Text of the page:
My Quiet Life My Quiet Life

Deficits? Yawn.

Just yesterday I was ranting to Amanda about the state of political discourse in this country. My theory is not exactly a revelation, but what I have noticed is that key words and phrases in our political lexicon that represent very, very serious things no longer have any impact on your average American. Take the word “deficit”. We’ve lived with the spectre of looming deficits hanging over our head for decades now, and the word is losing its impact. After all, we’re fine now, aren’t we? So these deficits must work themselves out, right? Wrong.

And, like clockwork, I see Say Uncle quoting from an article in the NYT this morning:

Deficits are evil! Or maybe not:

So what is the reaction from the bond market vigilantes, those disciplinarians who bid up interest rates whenever past deficits started looming? Yawn.

Snip

The bond market, it seems, has stopped worrying and learned to love the deficit. The question, of course, is whether everybody else can relax, too.

Snip

“Under Reagan in the 80’s, I remember headlines day after day saying we were leveraging our children’s future,” said Lundy R. Wright, a managing director and top bond trader at Morgan Stanley. “But in good times, we got back to surpluses. I think the lesson is, you can borrow when times aren’t so good and cyclical factors will help get you out of it.”

I’ve said similar things before.

I couldn’t have asked for a better example. Deficits seem to be no big deal, then, right?

First let me say that SayUncle is grossly misrepresenting this article, or maybe he didn’t read the whole thing. The NYT article continues:

THE absence of concern is all the more alarming now, given the enormous shortfalls in Social Security and Medicare that await in coming decades, economists say. “If the 80’s deficit had gone away on its own, that would be one thing,” said Benjamin M. Friedman, a Harvard economics professor.

He noted that the long economic expansion of the 1980’s did not bring down the national debt. Only after the first President Bush raised taxes, President Clinton raised them further and the Republican Congress of the mid-90’s reduced spending growth did the deficit vanish. “And the people who took those tough actions didn’t necessarily get rewarded for them,” Mr. Friedman said.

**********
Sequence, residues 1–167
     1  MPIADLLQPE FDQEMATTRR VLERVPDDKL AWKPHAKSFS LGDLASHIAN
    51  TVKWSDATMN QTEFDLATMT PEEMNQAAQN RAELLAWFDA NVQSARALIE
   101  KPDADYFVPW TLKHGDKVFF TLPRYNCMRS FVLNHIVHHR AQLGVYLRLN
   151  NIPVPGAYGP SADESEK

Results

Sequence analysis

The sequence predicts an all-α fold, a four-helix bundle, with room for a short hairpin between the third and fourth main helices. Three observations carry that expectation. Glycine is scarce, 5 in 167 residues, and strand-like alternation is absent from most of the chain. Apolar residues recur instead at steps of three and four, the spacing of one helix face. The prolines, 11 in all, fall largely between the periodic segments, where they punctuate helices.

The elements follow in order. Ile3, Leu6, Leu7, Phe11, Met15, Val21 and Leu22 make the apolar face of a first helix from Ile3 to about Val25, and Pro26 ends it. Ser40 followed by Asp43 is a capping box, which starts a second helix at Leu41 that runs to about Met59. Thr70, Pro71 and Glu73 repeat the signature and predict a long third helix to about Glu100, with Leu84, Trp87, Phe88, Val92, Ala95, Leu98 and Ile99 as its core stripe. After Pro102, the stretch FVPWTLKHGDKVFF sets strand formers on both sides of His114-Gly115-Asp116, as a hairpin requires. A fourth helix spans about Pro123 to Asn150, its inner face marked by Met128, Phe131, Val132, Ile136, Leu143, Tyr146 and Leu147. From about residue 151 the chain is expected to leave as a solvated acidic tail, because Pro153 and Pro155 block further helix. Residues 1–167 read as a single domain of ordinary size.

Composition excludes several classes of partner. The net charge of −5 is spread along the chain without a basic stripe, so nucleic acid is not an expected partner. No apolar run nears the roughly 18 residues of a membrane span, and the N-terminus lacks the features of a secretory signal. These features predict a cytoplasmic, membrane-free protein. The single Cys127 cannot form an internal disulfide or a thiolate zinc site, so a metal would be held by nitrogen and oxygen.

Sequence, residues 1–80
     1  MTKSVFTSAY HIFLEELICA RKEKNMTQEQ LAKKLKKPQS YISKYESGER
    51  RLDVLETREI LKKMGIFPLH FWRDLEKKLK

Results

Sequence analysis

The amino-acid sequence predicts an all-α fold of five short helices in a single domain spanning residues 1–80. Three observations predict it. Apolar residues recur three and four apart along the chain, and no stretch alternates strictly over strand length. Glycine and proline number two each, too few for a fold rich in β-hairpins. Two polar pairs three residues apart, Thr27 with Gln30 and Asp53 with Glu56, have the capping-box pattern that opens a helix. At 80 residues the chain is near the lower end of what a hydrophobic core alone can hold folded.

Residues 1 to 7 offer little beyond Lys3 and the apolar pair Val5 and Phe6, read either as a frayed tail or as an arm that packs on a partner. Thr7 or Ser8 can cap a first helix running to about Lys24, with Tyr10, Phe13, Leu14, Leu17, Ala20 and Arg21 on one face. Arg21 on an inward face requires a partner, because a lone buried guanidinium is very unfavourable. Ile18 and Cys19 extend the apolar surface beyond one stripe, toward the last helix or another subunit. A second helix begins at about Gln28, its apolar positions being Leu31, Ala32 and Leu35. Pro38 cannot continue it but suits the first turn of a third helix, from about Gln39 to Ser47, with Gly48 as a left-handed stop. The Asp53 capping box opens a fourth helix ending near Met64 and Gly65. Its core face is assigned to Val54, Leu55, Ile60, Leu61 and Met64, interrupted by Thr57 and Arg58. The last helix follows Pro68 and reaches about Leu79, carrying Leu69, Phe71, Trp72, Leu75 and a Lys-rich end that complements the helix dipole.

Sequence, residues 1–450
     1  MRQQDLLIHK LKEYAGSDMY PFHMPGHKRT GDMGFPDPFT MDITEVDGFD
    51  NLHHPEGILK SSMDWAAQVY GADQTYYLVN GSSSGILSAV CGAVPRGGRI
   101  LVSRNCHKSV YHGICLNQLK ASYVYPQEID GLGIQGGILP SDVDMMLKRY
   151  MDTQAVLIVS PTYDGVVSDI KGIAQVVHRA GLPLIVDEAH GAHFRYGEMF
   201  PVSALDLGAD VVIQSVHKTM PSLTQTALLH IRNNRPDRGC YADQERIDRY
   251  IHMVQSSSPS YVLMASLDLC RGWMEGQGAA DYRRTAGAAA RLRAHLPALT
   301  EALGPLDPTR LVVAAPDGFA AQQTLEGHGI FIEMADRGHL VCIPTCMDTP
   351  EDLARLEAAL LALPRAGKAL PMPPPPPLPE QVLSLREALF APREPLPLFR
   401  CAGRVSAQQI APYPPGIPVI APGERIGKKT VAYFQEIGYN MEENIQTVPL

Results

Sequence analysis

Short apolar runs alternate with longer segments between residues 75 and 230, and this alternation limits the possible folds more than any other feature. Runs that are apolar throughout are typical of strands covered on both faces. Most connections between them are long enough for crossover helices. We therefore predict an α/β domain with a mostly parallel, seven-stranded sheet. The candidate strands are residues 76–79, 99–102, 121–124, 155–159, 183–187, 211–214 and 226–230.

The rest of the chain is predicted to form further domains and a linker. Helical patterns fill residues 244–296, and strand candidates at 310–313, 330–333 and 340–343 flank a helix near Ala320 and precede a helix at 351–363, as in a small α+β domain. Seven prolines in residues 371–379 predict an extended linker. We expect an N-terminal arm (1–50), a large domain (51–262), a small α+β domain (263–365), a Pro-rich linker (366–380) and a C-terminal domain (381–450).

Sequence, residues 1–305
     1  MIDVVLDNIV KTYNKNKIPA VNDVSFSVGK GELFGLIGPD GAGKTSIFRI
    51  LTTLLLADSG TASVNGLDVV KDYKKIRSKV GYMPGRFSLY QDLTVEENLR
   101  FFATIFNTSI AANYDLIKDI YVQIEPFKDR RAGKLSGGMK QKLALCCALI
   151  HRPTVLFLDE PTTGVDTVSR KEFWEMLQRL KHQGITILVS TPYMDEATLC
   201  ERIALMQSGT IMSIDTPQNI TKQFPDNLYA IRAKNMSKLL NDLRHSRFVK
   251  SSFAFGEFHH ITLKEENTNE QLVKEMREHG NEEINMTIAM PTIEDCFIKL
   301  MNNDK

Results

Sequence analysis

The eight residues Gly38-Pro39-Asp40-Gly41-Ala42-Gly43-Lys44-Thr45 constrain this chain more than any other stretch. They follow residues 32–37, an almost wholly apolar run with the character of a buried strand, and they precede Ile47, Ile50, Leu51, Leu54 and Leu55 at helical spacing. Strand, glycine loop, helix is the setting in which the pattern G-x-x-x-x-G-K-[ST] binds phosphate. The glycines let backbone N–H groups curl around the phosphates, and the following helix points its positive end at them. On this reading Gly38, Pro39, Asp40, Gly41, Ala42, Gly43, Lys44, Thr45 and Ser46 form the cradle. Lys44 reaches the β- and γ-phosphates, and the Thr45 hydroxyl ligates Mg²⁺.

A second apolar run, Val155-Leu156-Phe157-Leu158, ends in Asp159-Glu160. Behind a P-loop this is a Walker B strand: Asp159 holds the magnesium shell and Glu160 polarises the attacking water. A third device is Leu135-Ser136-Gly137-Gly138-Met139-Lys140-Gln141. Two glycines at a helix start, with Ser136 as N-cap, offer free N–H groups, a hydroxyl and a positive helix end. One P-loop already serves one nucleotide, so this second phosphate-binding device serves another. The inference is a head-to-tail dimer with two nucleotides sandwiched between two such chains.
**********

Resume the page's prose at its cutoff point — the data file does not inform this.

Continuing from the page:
And then, the closing line:

Stan Jonas, managing director at Fimat USA, a New York brokerage firm, added: “There’s a lot of talk that the deficit is going to balloon in 2020. O.K., I agree.”

But, he said, “any bet I make about what’s going to happen to the deficit in 20 years, I’m not going to be around to collect.”

On top of that, the vigilantes may have personal reasons for viewing today’s deficits differently from yesterday’s.

“The bond vigilantes are getting older,” Mr. Jonas said. “They’re the ones who benefit from the deficit. It’s their kids’ problem.”

Deficits don’t just magically go away. Like all shortfalls, they must be paid off with sacrifice. The deficits of the 1980s did not just magically go away. The country was faced with a choice: decrease spending or increase taxes. So, increase taxes they did. George H.W. Bush, first, which cost him the White House, and later Clinton, aided by a late-90s boom in the economy.

Today, with projected deficits that make the 1980s look like a walk in the park, we are faced with a similar choice. If the Republicans have their way, the deficits will be relieved at the expense of spending: namely, our social programs – social programs that most Americans, despite finding some cause for reform, still find extremely valuable, and more important than tax cuts. So, this is a choice that most Americans will likely never make, although, as I’ve noted before, the debate is rarely framed with such clarity. The representation of our spending cuts as unavoidable “belt-tightening” is just as dishonest as this representation of deficits as “no big deal”.

Further, the severe inflation of the bond market by foreign investment that Mankiw writes off as “confidence in the U.S. economy” is a significant cause for concern, as this foreign investment continues to prop up the dollar, and just barely at that. What happens when their confidence, already shaky, no doubt, gives way?

One thing is clear: deficits are not something to be taken lightly. Deficit spending by the government is acceptable and even beneficial when it’s spending that increases the productive capacity of the economy in such a way as to be recouped later in tax revenue. Nothing that George W Bush has done thus far (expensive, unnecessary war and tax cuts for the wealthy) will have such an effect. These deficits will make for some difficult choices ahead, which is just what the Republicans have in mind.

Mankiw says of the “bond vigilantes” that “people basically trust the U.S. to do the right thing.” I agree with him in this respect. Hopefully people will do the right thing: remove George W Bush from the White House and elect a Democrat that will enact a sensible federal budget and tax policy that will pull us from the precipice of economic ruin.